Corporates have a critical role to play in protecting countries in the global South from uninsured losses, says Howden boss

This article originally appeared in our sister publication Insurance Times.

Vulnerable countries in the global South are not “uninsurable” – the actual “problem” is that “there has been nobody to pay the premium at the scale required”, said Howden Group chief executive David Howden.

David Howden

David Howden

Speaking at this week’s United Nations Climate Change Conference (COP28) in Dubai, he highlighted potential routes for the private sector to protect vulnerable countries against the effects of climate change.

The firm recently published a new report in collaboration with the University of Cambridge last month (22 November 2023), which showed that small countries across the Pacific, Caribbean and Indian Ocean currently face losses of between 50% and over 100% of annual gross domestic product (GDP) from natural disasters.

By 2050, climate change is expected to further increase those losses by between 10% and 15% – equating to a 0.5% rise per year.

Tackling the threats

The report found that these vulnerable countries that are at risk from extreme climate shocks can be protected by the adoption of risk sharing systems.

Howden explained: “This provides both the funding needed to to respond to a disaster and the certainty that these economies aren’t going to be wiped out.” 

To address the insurance gap, Howden said his firm had “worked out how we can cap the loss at 10% of their GDP” and “for less” than expected.

The global broking giant suggested, for example, that $1bn – which equates to less than 1% of the targeted $100bn (£79.4bn) loss and damage (L&D) fund – can secure around $75bn (£60bn) of protection.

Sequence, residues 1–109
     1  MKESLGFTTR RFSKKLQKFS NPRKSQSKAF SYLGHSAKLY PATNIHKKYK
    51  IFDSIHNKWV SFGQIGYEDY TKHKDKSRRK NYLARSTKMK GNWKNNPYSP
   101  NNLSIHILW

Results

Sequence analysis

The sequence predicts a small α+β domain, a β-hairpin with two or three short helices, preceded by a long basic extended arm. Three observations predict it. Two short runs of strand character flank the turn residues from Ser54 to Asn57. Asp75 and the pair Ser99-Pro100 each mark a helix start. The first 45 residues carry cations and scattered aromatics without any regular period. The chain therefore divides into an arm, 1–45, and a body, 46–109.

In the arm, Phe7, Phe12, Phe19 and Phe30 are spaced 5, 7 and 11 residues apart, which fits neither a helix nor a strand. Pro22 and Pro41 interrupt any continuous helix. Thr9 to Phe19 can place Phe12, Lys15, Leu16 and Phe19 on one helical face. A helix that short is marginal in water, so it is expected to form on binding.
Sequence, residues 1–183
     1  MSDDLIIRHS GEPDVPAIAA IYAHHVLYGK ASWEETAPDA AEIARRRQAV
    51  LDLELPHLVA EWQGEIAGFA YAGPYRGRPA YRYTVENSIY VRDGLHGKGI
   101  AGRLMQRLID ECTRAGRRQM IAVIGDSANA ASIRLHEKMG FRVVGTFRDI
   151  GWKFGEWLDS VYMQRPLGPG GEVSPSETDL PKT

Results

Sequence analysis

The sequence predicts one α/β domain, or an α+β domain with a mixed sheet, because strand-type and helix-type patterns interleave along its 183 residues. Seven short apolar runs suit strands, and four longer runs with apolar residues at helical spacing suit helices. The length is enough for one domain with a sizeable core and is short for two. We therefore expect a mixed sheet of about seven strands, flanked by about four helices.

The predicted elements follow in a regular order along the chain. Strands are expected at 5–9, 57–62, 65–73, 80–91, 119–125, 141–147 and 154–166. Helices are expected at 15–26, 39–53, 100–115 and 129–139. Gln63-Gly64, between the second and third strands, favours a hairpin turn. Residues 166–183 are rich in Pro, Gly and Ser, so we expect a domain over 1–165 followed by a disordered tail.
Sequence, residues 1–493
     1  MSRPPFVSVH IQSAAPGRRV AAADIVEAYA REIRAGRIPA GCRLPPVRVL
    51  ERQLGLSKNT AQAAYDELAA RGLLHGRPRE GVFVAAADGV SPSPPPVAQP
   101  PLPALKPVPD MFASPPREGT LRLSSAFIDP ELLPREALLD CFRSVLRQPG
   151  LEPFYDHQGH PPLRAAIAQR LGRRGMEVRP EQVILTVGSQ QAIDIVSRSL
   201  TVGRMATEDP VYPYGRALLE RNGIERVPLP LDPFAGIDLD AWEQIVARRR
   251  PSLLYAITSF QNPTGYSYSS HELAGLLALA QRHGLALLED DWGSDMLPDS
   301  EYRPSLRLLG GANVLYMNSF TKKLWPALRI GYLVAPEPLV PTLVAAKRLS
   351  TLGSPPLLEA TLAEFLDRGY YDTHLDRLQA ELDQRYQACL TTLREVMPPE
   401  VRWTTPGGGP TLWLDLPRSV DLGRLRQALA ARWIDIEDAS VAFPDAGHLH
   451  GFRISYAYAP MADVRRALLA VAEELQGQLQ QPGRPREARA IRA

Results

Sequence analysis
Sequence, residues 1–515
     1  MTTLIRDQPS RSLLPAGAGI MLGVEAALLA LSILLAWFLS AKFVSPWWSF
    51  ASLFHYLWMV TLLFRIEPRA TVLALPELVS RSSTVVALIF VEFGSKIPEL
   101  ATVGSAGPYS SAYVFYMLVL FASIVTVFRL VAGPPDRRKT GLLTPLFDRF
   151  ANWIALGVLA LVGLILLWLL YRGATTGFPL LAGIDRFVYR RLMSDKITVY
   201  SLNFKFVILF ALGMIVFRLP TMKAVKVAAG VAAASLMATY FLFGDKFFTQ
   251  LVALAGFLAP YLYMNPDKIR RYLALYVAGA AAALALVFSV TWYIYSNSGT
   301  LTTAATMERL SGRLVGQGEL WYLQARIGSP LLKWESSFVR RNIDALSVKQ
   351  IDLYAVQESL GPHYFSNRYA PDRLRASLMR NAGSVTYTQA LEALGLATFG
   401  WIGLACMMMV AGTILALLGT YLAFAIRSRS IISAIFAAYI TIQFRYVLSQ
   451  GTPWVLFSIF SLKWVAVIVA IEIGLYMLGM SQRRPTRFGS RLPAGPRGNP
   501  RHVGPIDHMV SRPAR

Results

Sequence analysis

And by capping the loss at 10% of GDP, in addition to guaranteeing pre-agreed funding that is paid immediately, Howden said the firm’s loss and damage fund “provides certainty and the confidence to invest”.

“We know that one dollar before a disaster achieves the same impact as around six dollars after the event.”

“We’ve demonstrated how this could be scaled to protect all 100 [loss and damage] recipient countries from their highest priority risks,” said Howden.

“This is the most economically powerful way to use donor money. It is entirely non-political and provides guaranteed funds that don’t rely on a disaster getting enough media attention.”

Considering a case where pre-agreed funding to protect against natural disaster losses was still in limbo, Howden highlighted that Pakistan was still yet to receive $9bn (£7.14bn) worth of funding to help it recover from floods that struck the country three months earlier.

The pledges were made by international donors at the International Conference on Climate Resilient Pakistan in Geneva, Switzerland – hosted by Pakistan’s prime minister Muhammad Shehbaz Sharif and UN secretary general António Guterres on 9 January 2023.

“How much more efficient would it have been if it had been contractually guaranteed by pre-agreed finance?” said Howden, “we know that one dollar before a disaster achieves the same impact as around six dollars after the event.”

How corporates can help

Howden explained that a private sector shift was required to understand risks to an entire economy of an unfilled insurance gap, rather than only focusing on protecting assets.

“Usually insurance protects the asset – the hotel, the home, the manufacturing plant. But what good is that if there are no schools, no healthcare and no ports to get products out?” asked Howden in his loss and damage-themed keynote speech.

For the new risk approach to come into fruition, Howden said that the firm wants to work with climate vulnerable countries to build this into a reality.

He added that “we want the private sector to get behind this as crucial mechanism to have in place to make these countries more investable” and, “to get this off the ground,” support was needed from donor countries.

“If we do this now, we can give everyone a chance to build a more resilient future”

“The poorest and most vulnerable have no safety net. For billions of people, if their home or land is wiped out that means nowhere to live and no income,” said Howden.

“Pre-arranged finance not only provides the opportunity to rebuild after a disaster has happened. By reducing vulnerability, it also provides families, communities, governments and investors with the confidence to invest in the future.

“If we do this now, we can transform the way we think about preparing and protecting the most vulnerable against the devastating effects of climate change and give everyone a chance to build a more resilient future.”

  • Dollar amounts have been converted into pounds using an exchange rate of $1.26 = £1, which was correct as of 1 December 2023.